In November, Oregon voters passed Measure 91 to legalize and regulate recreational marijuana. Now, the new state legislature — legislators were sworn into office on Monday — has a hefty project to tackle.
At least 16 marijuana-related bills were introduced to the Oregon state legislature on Monday, and more are expected. They cover a wide variety of issues in the political spheres of both recreational and medical marijuana, reports the Oregonian.
Faced with the task of implementing Measure 91 — which legalizes the home possession of up to eight ounces of cannabis and calls for a regulated market to be in place by 2016 for the adult distribution of the drug for recreational purposes — lawmakers from both sides of the aisle are now scrambling to have a say in the development process.
Clearly, some bills here are meant to inhibit marijuana’s progress toward mainstream acceptance. There are some, however, which aim to foster the industry’s growth and improve society’s understanding of cannabis and all the social, economic, and political implications it carries.
Democratic Sen. Chris Edwards is sponsoring two proposals, Senate Bills 479 and 480, which would designate further research into the benefits of medical marijuana and spark an investigation into how the medical industry can best serve its patients.
Rep. Peter Buckley, a Democrat from Ashland, has a hemp-focused approach: he introduced a measure that would remove the requirement for industrial hemp farmers to get a permit from the state government. Oregon is one of several U.S. states that have legalized industrial hemp, which was recently recognized as a legitimate industry of the future by the federal government.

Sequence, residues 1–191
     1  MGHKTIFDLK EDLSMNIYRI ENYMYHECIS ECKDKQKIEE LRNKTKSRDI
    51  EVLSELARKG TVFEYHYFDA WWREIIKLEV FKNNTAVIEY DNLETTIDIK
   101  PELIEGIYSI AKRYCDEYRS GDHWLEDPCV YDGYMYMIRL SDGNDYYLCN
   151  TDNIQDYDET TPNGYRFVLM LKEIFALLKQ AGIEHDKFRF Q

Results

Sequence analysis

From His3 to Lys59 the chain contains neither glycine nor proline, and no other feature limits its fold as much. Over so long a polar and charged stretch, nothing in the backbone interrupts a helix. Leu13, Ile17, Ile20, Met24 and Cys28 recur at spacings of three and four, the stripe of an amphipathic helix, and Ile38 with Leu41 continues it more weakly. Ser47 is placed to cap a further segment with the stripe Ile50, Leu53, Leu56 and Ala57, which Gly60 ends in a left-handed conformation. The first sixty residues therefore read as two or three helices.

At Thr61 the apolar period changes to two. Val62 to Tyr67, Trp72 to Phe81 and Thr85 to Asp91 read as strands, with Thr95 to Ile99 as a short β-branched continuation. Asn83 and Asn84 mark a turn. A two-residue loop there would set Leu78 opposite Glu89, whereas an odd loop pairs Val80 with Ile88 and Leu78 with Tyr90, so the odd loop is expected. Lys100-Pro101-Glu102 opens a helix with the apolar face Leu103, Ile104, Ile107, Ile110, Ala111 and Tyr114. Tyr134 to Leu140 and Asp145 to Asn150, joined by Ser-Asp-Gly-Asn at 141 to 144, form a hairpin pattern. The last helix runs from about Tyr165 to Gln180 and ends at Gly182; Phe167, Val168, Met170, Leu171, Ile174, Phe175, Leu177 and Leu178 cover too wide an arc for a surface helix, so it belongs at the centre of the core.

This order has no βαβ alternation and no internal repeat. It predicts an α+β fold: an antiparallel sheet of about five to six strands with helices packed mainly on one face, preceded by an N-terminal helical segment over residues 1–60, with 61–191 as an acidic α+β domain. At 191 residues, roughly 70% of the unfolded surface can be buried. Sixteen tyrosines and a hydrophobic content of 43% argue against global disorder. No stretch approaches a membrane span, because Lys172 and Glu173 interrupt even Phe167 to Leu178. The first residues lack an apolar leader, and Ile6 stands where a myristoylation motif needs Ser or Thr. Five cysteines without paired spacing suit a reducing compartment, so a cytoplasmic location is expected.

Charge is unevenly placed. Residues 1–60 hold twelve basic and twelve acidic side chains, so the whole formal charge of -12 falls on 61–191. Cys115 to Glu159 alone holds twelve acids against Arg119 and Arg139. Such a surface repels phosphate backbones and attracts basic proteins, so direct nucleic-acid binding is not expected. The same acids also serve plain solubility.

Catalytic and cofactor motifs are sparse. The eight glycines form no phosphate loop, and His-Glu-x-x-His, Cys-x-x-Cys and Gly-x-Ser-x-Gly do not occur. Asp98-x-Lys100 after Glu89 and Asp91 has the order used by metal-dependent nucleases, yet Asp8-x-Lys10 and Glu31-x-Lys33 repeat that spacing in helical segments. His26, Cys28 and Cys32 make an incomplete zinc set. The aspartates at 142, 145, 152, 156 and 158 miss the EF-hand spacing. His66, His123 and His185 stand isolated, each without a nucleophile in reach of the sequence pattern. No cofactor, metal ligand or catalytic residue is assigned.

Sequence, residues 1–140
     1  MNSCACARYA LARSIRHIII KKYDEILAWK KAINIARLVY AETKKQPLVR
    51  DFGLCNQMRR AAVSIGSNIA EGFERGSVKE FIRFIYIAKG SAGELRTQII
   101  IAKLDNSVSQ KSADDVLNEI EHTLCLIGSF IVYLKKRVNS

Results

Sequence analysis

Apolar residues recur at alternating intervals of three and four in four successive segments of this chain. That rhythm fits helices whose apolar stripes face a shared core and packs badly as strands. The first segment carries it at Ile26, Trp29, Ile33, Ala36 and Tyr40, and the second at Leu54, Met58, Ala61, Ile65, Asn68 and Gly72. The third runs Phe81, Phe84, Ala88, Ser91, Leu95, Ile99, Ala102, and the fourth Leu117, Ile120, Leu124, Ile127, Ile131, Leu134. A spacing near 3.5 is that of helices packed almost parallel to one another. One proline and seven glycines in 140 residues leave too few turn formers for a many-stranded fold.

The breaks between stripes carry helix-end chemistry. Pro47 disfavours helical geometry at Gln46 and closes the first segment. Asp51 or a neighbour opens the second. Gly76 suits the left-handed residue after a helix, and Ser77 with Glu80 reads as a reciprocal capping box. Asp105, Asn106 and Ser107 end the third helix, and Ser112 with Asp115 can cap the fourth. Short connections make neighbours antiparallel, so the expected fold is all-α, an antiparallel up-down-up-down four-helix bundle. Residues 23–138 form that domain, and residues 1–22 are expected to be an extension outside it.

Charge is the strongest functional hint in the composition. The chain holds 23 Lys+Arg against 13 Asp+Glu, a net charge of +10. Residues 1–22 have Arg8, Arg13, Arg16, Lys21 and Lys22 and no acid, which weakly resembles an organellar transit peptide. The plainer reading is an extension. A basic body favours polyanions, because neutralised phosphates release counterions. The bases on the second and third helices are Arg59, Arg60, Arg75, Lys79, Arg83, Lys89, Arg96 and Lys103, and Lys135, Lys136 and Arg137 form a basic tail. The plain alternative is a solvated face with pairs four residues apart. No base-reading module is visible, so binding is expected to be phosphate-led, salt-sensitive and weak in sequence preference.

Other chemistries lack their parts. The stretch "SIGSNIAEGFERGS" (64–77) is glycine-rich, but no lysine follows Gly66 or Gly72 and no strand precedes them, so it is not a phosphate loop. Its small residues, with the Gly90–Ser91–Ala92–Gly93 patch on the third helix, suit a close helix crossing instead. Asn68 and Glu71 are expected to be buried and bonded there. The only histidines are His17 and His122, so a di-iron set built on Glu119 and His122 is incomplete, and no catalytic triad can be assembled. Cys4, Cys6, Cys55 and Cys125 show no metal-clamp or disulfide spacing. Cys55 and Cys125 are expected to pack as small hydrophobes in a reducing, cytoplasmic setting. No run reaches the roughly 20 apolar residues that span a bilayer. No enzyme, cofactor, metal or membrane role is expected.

“You can’t see the passage of something major like that and not think that you need to figure out how to manage it,” said Rep. Julie Parrish, a Republican from West Linn. Parrish proposed two bills herself, both of which address the issue of marijuana use by daycare providers. One bill would prohibit state funds from going to daycare providers that hold medical marijuana cards, the other would issue mandatory drug tests for certain daycare providers.
Two other bills — House Bills 2040 and 2041, proposed by Republican Rep. Greg Smith — would, respectively, prevent any marijuana sales within one mile of schools and allow for a one-mile marijuana exclusion zone around any school grounds. Geoff Sugerman, who lobbies for the marijuana industry, said that a one-mile zoning law “would certainly serve as a moratorium in some cities,” and that Measure 91 already addresses this issue by giving localities the right to opt out of recreational cannabis if local voters support the move.
There is also a proposal to address the dangers of home hash oil production, and another to put pregnancy warning labels on cannabis products, among many others.
Photo Credit: Doug Kerr
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